Glenn Beck a Libertarian? Puh-leeze. He's the lowest form of Republicrat goon. Certainly does not belong in an article about nice libertarian beer.

    I have never seen Beck's show, other than when I was on it, but watching it in the waiting room prior to that he beat up on Republicans more than Democrats so if he is a Republican goon, he is doing a bad job of it.

    Anyway, without Beck, there is no trip to Texas where I could discover that microbiologists are goofy when it comes to steak. Soooo, thanks Glenn!
    Perhaps, you may be interested in the link between chronic beer drinkers and heart disease, not found in wine drinkers -- like cardiomyopathy, due to the cobalt in beer, with pericardial effusion and low cardiac output. It seems to me this was more about the benefits of yeast rather than beer.

    Dang, more good news about beer, and I am just recovering from a 2 week long gout attack. Reading up on the subject of gout, I find that beer, beef and beans, the Holy Trinity of Sports watchers(aka beer drinkers) are the main triggers. Alas, now I'm relegated to the occasional glass of red wine. Scientific miracle drug, where are you?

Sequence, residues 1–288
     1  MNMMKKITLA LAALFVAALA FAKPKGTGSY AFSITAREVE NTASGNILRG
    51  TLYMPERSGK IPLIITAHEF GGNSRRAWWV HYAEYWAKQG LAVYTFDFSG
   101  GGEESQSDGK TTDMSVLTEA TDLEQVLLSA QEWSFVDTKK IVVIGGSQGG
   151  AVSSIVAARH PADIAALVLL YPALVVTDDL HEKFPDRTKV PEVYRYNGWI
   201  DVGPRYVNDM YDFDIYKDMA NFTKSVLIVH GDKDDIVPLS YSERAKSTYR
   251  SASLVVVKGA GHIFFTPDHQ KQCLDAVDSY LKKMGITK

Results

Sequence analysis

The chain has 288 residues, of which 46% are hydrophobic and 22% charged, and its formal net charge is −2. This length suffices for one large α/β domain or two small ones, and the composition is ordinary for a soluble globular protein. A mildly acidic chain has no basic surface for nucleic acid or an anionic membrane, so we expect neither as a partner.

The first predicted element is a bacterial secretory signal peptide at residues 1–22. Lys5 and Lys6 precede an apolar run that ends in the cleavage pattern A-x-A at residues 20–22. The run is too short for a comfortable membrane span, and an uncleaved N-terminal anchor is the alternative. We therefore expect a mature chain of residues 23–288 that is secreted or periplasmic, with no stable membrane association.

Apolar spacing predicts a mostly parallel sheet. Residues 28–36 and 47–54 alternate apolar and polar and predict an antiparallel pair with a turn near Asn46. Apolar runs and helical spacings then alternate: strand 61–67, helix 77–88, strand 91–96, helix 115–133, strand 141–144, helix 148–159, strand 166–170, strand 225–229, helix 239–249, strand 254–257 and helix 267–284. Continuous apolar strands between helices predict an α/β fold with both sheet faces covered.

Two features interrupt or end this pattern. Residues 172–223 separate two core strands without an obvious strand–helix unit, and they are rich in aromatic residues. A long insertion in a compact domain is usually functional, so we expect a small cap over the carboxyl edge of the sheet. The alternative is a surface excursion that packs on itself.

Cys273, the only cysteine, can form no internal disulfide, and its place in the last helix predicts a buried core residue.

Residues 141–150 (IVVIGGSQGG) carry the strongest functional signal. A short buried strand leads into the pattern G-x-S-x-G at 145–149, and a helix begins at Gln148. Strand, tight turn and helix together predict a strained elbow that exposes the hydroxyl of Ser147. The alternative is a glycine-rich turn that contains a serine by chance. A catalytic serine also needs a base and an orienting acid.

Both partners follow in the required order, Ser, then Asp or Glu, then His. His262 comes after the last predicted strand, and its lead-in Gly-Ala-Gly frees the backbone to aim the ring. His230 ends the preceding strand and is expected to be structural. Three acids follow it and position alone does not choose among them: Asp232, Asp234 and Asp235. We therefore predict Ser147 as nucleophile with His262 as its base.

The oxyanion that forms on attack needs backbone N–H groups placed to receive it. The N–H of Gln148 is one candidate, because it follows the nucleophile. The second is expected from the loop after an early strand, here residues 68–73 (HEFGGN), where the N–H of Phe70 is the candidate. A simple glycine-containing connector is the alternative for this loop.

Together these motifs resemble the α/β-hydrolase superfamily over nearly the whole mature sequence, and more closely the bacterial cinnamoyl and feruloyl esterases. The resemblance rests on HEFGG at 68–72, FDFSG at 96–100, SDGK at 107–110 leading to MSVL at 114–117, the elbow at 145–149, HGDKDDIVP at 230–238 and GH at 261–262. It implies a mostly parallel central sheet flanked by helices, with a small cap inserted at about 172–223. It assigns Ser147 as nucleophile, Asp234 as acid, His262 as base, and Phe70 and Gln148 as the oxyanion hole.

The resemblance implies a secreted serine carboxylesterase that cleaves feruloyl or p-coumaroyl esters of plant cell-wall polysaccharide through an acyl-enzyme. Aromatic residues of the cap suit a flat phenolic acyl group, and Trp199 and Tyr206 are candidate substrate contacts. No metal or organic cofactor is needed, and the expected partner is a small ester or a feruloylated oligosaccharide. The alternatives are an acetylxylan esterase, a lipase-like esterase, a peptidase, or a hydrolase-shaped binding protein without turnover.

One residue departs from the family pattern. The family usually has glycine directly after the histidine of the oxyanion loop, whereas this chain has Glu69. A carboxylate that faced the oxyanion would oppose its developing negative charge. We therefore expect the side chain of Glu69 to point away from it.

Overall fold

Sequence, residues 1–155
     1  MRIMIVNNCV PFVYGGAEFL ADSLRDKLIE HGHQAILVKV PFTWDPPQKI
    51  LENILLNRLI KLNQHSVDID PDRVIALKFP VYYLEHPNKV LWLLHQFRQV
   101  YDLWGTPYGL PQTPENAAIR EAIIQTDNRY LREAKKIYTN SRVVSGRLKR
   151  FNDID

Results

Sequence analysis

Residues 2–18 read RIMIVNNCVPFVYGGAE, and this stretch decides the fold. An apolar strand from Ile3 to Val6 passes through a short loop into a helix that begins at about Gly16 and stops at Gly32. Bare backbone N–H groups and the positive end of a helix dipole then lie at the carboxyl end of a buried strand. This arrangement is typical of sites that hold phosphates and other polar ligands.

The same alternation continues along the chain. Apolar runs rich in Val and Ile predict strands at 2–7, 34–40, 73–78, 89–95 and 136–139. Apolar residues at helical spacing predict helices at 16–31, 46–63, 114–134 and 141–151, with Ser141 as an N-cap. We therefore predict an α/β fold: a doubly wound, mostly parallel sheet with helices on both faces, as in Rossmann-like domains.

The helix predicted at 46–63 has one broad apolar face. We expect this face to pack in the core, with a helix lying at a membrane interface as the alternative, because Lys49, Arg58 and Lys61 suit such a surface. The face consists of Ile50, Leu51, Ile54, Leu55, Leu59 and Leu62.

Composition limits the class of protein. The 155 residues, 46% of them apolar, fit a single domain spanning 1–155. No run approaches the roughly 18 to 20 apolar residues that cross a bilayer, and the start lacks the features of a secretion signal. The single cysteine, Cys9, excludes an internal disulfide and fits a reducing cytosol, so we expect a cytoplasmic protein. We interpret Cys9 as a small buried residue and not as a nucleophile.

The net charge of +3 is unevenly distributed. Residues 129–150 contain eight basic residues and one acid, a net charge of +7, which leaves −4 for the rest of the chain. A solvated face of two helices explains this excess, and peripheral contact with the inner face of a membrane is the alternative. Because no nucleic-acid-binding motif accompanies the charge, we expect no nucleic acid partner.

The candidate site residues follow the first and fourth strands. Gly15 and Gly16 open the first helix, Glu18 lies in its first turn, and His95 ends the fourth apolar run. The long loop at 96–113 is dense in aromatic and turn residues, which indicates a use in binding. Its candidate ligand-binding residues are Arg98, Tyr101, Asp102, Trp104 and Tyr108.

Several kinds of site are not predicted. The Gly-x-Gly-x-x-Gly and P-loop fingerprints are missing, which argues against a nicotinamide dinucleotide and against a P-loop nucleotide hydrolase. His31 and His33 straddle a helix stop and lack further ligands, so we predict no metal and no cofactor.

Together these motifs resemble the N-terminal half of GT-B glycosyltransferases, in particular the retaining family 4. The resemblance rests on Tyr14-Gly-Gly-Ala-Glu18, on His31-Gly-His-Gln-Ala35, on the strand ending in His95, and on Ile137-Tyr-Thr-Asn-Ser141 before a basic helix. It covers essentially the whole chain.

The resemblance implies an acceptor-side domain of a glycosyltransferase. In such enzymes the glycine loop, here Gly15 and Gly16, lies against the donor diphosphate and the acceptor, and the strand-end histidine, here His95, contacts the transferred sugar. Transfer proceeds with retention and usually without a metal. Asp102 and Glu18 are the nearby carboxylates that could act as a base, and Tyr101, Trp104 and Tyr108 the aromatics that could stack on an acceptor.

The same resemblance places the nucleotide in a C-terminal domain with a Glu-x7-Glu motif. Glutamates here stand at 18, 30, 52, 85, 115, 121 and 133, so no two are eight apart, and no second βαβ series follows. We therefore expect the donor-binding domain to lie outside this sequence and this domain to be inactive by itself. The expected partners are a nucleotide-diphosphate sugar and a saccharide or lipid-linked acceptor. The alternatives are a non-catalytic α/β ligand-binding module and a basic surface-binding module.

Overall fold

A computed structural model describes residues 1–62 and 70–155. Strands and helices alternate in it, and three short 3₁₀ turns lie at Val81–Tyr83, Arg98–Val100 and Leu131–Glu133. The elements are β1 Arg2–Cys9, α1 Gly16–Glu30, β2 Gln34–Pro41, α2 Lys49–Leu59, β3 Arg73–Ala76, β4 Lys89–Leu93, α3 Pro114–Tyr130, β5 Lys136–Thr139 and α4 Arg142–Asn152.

Very enjoyable column, I especially like the part about "Big Ho". Just one little criticism; since when is Glen Beck a Libertarian? Just because he wants to call himself one ( and only since after the Republicans lost the last election) doesn't make it so.

    oops, just saw the other person mention that, and your reply. But still, we don't want him. He's shrill, and a conspiracy nut just for starters.

    But kudos to beer!

    Right, I call him what he calls himself, I don't know him. The president calls himself a liberal but to me he acts like a social authoritarian progressive - I'd still call him a liberal if he was just tangential to the story.
    Yikes. The way the left gets all worked up over the mention of Glen Beck even, as a minor part of a story, is amazing. Some names really hit a nerve with them. Good thing you did not mention Limbaugh or FOX news for heaven's sake.